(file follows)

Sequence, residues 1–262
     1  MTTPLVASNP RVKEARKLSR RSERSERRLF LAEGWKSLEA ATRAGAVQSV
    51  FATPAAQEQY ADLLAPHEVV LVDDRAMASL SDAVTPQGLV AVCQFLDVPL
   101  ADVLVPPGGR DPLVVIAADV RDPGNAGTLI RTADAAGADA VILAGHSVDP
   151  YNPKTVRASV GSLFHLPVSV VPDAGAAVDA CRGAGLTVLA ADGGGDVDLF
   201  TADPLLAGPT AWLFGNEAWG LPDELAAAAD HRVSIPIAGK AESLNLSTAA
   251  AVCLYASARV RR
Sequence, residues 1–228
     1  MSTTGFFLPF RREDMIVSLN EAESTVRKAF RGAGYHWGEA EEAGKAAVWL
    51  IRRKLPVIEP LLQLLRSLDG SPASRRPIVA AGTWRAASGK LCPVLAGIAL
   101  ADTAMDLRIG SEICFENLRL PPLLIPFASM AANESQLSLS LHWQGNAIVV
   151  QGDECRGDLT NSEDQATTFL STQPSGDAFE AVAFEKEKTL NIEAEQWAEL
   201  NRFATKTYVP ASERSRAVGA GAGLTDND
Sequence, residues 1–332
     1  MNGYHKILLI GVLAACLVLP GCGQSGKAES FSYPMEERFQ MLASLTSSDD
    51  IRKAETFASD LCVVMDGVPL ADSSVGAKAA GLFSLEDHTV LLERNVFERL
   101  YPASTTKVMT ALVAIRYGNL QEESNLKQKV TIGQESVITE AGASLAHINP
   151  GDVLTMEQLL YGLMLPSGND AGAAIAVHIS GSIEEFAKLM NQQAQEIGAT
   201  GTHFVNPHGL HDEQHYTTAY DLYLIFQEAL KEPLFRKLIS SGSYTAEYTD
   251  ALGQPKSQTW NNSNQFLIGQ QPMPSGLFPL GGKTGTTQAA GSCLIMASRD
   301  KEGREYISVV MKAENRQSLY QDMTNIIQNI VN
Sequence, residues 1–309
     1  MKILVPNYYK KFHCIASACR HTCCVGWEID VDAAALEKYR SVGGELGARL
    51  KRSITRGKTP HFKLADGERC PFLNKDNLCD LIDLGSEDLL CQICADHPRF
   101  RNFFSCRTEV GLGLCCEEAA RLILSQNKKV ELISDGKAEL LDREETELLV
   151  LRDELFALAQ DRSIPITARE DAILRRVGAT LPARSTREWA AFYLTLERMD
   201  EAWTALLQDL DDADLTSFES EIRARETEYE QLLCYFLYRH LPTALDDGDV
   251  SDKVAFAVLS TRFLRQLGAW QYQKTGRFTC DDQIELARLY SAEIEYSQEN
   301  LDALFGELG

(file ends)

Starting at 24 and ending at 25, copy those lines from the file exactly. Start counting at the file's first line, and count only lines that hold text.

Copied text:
    51  KRSITRGKTP HFKLADGERC PFLNKDNLCD LIDLGSEDLL CQICADHPRF
   101  RNFFSCRTEV GLGLCCEEAA RLILSQNKKV ELISDGKAEL LDREETELLV